The COP president’s letter pledges to restore the “grand bargain at the centre of the Paris Agreement…whereby developing countries agreed to increase their efforts to tackle a crisis for which they are far less responsible, in return for appropriate financial support and other means of implementation,” before urging all participants to engage in negotiations in way that takes into account “the backdrop of the climate crisis and its urgency.”

This year’s devastating floods in Pakistan put the spotlight on the money needed to cope with loss and damage driven by climate change. Credit: Fida Hussain/AFP

Climate finance

This year’s devastating floods in Pakistan put the spotlight on the money needed to cope with loss and damage driven by climate change. Rich nations – led by the US – have consistently refused to allow any global financing mechanism to deal with loss and damage to pass at UN climate negotiations, fearing this would lead to compensation suits. This year, developing countries are putting in a concerted effort to launch such a mechanism. The results remain to be seen, but optimism is in short supply.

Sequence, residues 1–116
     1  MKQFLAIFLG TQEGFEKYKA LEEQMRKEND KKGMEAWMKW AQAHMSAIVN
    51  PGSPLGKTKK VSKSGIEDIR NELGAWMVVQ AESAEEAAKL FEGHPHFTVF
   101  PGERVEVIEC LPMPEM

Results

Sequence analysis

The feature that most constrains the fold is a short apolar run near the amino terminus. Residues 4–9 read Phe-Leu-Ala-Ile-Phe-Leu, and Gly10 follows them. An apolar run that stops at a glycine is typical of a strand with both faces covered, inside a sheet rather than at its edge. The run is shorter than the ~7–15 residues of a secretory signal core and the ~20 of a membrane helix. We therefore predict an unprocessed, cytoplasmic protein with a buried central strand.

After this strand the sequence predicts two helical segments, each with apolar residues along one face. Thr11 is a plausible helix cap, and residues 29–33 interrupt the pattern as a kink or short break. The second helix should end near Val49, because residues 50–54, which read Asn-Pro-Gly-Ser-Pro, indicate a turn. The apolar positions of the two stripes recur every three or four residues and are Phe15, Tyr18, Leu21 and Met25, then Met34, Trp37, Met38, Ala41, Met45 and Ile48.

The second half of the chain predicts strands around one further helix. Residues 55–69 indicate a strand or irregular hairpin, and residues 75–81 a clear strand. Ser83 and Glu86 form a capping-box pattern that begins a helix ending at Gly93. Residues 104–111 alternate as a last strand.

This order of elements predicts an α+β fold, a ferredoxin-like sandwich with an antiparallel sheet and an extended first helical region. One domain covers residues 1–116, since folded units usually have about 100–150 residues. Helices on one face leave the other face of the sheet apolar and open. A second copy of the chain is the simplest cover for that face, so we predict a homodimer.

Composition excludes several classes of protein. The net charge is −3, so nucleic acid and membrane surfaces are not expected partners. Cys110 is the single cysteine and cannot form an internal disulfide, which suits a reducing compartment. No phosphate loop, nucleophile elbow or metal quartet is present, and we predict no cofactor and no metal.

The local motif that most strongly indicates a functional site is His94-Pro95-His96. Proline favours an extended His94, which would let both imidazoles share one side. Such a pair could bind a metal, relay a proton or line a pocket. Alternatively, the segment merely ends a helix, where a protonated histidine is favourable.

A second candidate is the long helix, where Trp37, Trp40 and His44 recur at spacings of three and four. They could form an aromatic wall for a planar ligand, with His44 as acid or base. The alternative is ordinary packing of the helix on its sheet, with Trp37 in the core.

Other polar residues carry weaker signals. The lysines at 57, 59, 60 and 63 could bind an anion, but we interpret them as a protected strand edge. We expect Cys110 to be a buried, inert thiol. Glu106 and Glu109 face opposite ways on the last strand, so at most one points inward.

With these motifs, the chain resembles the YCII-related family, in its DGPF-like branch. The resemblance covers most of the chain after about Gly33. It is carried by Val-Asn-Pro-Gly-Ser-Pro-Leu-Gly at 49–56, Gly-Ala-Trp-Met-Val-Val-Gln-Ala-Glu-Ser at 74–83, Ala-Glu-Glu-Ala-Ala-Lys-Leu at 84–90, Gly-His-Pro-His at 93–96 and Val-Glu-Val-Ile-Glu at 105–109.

UN Secretary General Antonio Guterres said in a recent statement, “COP27 must provide a clear and time-bound roadmap on closing the finance gap for addressing loss and damage. This will be a central litmus test for success at COP27.”

A 2022 study by the London-based think tank International Institute for Environment and Development found that in some areas of Bangladesh, households are already spending an average of $93 per year to protect against flooding and storms, including on measures like raising floors or building shelters for their livestock.

But funding support for developing countries for mitigation and adaptation has been woefully insufficient. Rich nations are yet to keep their 2009 promise of mobilising $100 billion a year by 2020. And now estimates of the money needed is in the trillions of dollars. On where this money could come from, Dipak Dasgupta of the New Delhi-based think tank The Energy and Resources Institute said at a recent webinar: “Most of the money will have to come from private sources, but the public money that developed countries promised is crucial as guarantor of the loans that private finance can provide.” And there is also the question of how much of the public money is in the form of grants versus loans.